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. Last Updated: 07/27/2016

Builder Held in Metro Accident

MTMunicipal repair workers examining the site of the metro accident Monday.
Moscow prosecutors on Monday detained the head of the company whose workmen drove concrete posts into a metro tunnel and hit a packed train.

All 500 passengers on the train were safely evacuated after the accident on the dark green line in northern Moscow on Sunday afternoon.

Radislav Lyba, the director of Polyus M, which was setting up the posts to erect a billboard, told investigators that the work was being carried out without permission from all the relevant authorities, prosecutors said.

"He doesn't dispute working without any permission," said Sergei Marchenko, a spokesman for the City Prosecutor's Office.

Marchenko could not say late Monday afternoon whether Lyba -- whose current status is that of a suspect -- would be charged. If charged and convicted of violating construction safety rules, Lyba faces up to three years in prison.

The billboard workers were driving posts at a site along railroad tracks and Ulitsa Kosmonavta Volkova, just below the Leningradskoye Shosse bridge near the Voikovskaya metro station.

The site is controlled by the Moscow Railroad, the local branch of state-owned Russian Railways, or RZD. Moscow metro chief Dmitry Gayev has accused the railroad of negligence, RIA-Novosti reported. He said Polyus M worked for three days at the site without permission before the accident.

Polyus M was subcontracted to raise the billboard by Laisa, an advertising agency that is affiliated with the Moscow Railroad, city officials said.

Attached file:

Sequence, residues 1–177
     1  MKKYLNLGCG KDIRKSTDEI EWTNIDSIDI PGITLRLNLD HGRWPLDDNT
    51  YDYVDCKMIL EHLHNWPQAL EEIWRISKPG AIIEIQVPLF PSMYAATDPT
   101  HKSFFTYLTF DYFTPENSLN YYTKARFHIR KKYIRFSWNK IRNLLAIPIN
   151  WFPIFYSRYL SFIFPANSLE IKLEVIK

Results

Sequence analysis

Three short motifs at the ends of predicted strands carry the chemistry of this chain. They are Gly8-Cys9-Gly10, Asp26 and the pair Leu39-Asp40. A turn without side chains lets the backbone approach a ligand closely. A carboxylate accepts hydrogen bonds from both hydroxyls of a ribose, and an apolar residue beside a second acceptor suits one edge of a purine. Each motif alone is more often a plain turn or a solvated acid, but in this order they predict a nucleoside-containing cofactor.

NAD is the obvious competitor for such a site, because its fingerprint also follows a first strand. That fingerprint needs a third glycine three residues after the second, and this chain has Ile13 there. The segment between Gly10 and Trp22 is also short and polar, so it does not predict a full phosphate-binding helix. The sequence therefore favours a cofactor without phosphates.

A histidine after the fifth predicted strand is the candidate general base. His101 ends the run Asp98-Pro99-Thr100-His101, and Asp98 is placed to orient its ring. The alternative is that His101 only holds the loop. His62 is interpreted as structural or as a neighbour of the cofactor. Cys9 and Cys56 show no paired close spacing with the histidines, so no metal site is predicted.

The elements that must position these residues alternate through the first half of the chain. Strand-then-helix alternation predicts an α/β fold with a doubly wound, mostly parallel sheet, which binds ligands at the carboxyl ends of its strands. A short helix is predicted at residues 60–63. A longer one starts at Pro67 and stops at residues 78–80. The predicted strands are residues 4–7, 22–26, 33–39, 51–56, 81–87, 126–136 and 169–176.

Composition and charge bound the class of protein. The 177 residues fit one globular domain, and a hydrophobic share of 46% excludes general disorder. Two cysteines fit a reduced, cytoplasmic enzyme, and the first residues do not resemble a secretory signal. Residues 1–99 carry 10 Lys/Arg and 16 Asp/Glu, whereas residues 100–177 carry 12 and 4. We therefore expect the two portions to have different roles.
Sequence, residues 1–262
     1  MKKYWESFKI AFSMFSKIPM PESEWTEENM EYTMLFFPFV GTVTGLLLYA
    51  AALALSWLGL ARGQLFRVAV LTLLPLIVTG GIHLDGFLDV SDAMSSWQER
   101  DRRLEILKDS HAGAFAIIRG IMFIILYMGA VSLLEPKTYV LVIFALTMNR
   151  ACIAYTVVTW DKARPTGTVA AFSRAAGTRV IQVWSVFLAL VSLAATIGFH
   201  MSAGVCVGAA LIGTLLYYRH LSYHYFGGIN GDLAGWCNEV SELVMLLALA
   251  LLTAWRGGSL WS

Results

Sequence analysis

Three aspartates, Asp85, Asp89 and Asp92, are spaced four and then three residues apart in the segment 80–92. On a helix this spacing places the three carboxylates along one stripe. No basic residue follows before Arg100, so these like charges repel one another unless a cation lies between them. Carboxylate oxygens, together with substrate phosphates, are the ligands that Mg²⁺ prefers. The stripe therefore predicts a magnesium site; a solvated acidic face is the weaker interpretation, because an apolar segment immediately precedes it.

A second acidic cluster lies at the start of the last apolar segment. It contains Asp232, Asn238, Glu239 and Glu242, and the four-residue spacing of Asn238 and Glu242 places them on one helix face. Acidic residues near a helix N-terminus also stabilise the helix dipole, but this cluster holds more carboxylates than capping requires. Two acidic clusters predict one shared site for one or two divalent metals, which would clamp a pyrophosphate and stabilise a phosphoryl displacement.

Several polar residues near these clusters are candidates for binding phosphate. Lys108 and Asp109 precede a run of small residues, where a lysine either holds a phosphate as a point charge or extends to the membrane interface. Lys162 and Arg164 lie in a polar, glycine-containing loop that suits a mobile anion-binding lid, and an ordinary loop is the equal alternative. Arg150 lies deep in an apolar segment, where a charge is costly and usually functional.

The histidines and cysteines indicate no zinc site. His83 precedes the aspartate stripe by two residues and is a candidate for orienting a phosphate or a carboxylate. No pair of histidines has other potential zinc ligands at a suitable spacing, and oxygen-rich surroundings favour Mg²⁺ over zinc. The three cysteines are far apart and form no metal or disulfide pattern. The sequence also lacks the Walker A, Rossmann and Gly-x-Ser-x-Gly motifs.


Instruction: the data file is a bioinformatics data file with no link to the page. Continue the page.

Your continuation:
Laisa will be stripped of its license to work in Moscow, the head of City Hall's Committee on Advertising, Information and City Decorations, Vladimir Makarov, told RIA-Novosti.

An employee who answered the telephone at Laisa's office said no one at the company was willing to comment.

Makarov's deputy, Alexander Menchuk, called the accident flagrant and unprecedented. He said his committee's 150 inspectors usually stopped illegal advertising quickly -- including billboards being put up without permits and billboards carrying offensive ads -- but that the site of Sunday's accident was in a secured, out-of-the-way area that was difficult to enter.

Menchuk said all outdoor advertising in Moscow required a permit from his committee, and that permits were issued only after all authorities responsible for a location had given their approval. He also said all advertising structures such as billboards had to undergo technical evaluations.

He promised to tighten control over billboard construction and the subcontractors that perform construction work.

Moscow Railroad spokeswoman Yelena Bocharova said the strip alongside the tracks was usually guarded by railway employees, and that it was unclear how the workers had managed to enter the site. She said that the Moscow Railroad had no contract with Polyus M and she did not know who had hired it.

City Hall's Makarov said Laisa had failed to coordinate the construction plans with the authorities and had subcontracted the work to "unintelligent, unqualified" workmen.

Five workers who had been installing the concrete posts were detained Sunday. Marchenko of the prosecutor's office said they were released after questioning.

Gayev, the metro chief, said Monday on Rossia television that the workmen continued driving posts into the ground for 30 minutes after the first one crashed into the metro tunnel, hitting the third car from the front. About 70 passengers were in the car. Another post later struck the train's sixth car, which by that time had been abandoned, Gayev said.

The metro on Monday was tallying financial damages from the damaged tunnel, the two ruined train cars and the forced closure of the northern section of the dark green line until Monday morning. The metro planned to sue for its losses once investigators determined the responsible party, spokeswoman Yelena Krylova said.

Other city agencies were also counting their losses. Mosgortrans, the city's surface transportation authority, was calculating the cost of providing dozens of free buses to stranded passengers.